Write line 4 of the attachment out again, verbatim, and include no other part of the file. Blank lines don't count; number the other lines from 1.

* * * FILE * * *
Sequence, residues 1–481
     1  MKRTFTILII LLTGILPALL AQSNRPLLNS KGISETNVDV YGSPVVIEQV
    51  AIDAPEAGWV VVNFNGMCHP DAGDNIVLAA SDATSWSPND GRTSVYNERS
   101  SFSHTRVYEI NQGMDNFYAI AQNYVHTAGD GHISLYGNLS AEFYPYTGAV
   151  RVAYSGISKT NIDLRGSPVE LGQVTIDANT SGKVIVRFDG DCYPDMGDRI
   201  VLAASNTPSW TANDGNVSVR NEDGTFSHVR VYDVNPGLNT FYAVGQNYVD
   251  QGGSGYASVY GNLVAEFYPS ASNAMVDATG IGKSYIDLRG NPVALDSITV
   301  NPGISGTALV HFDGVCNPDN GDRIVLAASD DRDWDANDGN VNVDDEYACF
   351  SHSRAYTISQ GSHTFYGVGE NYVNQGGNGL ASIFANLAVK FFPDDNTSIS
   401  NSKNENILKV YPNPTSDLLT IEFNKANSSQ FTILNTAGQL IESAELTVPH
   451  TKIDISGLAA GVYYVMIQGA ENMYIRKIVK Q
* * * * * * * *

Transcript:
   101  SFSHTRVYEI NQGMDNFYAI AQNYVHTAGD GHISLYGNLS AEFYPYTGAV